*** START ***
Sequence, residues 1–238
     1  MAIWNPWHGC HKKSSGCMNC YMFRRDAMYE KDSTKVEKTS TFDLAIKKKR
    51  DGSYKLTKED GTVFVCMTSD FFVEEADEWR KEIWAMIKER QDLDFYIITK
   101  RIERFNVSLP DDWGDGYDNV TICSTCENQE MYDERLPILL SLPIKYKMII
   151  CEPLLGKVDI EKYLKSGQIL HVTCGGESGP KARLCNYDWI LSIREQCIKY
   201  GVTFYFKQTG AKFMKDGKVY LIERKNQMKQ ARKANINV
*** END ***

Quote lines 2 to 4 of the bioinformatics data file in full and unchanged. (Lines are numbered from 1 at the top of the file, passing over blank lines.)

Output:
     1  MAIWNPWHGC HKKSSGCMNC YMFRRDAMYE KDSTKVEKTS TFDLAIKKKR
    51  DGSYKLTKED GTVFVCMTSD FFVEEADEWR KEIWAMIKER QDLDFYIITK
   101  RIERFNVSLP DDWGDGYDNV TICSTCENQE MYDERLPILL SLPIKYKMII